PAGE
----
The Patriots have had the worst draft in the NFL. Or so it seems.

The New England Patriots had a terrible, horrible, no good, very bad draft. Ask both national and local analysts alike and they will tell you this based on a team of 10 players selected between the first and seventh rounds of the 2022 NFL Draft.

Whether it was using the Boston Herald’s word “confounding” to describe the team’s haul, the ESPN questioning the Patriots received their early-round picks, or the Boston Globe even going so far as to refer to New England as a ” laughingstock, “New England’s draft was not particularly well-received by media and fans alike.

The Patriots finishing dead-last in a composite ranking Of the 18 grades handed out by the draft experts did not come as a surprise. The writing was already on the well, when the Patriots selected a player out of the left field in the first round.

But, let’s back up a little. What did Bill Belichick and the company do to trigger such a reaction? Well, they pretty much went against the grain. Again. And again.

As noted above, it all started in the first round on Thursday night. Following is a trade-down with move to Kansas City from No. 21 to No. 29, the Patriots selected Chattanooga offensive lineman Cole Strange. One of the most athletic players in the entire draft and a projected plug-and-play starter at left guard, Strange had a problem with those analyzing picks from the outside of the eye: He was ranked as a third-round pick on various big boards.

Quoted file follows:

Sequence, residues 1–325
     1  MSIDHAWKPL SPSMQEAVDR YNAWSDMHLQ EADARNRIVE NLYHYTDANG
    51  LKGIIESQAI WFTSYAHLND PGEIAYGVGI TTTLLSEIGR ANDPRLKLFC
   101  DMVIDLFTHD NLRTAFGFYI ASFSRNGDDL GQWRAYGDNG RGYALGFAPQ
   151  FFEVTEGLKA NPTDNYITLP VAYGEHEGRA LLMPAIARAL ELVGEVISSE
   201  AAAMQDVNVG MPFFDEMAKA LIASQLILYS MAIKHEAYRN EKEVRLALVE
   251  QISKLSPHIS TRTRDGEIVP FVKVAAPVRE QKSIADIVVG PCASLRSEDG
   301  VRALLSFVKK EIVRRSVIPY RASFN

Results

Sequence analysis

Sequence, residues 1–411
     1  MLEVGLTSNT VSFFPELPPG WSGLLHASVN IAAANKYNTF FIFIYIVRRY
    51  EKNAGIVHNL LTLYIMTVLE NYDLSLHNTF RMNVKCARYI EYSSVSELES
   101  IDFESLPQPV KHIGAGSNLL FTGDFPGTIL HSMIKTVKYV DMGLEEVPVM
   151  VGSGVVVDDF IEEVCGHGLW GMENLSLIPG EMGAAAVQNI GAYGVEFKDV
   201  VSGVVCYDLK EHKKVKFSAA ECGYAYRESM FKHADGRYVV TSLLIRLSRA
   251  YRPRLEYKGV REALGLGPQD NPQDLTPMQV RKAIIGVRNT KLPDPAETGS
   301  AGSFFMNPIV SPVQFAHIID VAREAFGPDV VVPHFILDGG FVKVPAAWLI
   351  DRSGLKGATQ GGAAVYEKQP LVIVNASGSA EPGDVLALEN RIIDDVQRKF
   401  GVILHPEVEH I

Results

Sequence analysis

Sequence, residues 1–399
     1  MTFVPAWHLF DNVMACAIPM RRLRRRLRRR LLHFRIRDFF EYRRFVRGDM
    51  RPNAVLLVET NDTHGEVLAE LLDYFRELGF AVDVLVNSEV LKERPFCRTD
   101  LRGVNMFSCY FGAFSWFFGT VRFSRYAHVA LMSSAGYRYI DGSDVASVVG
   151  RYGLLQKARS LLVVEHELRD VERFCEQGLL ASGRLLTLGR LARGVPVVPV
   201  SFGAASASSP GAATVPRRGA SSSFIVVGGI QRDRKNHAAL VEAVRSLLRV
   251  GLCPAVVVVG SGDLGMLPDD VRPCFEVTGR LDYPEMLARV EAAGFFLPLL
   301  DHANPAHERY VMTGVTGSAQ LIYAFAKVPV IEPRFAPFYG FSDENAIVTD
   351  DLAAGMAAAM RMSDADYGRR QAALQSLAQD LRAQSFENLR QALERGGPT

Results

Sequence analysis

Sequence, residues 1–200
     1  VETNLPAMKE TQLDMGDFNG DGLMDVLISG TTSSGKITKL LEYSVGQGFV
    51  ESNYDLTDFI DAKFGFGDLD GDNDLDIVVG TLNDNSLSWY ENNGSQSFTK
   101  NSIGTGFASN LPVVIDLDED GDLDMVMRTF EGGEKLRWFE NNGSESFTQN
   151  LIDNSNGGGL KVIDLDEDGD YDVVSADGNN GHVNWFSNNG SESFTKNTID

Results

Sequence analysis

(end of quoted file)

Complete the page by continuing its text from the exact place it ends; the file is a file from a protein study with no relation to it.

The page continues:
Big-school pedigree? Name recognition? The Patriots’ newest first-round pick did not have a significant degree, and compared to his rankings – a consensus board created by Arif Hasan at The Athletic had a Strange as the 76th best prospect in the class – he was quickly classified as a ” reach. “

Los Angeles Rams head coach Sean McVay was filmed laughing after the selection was announced not helping matters either, even though he later clarified his reaction. It was already too late, though: the tone for what was to follow was set.

While some picks such as Houston cornerback Marcus Jones were evaluated in the third round in a mostly positive light, others were questioned just like or even more than Strange selection. Tyquan Thornton at No. 50? Two running backs? Bailey Zappe in Round 4 with Mac Jones already undisputed starting quarterback? For as positive as last year’s draft was, this one was questioned almost universally.

At the heart of the criticism stands those big boards mentioned above. These are the basis for the graphics like the following, shared by Pro Football Focus’ Kevin Cole:

Kevin Cole / Pro Football Focus

Based on this evaluation, the Patriots received the least value among all teams relative to the draft capital. Compare it to other teams such as the Baltimore Ravens or New York Jets, and you have a team coming up short to add talent to its roster in serious need at multiple positions.

The following table shared by Warren Sharp of Sharp Football Analysis makes this even more obvious: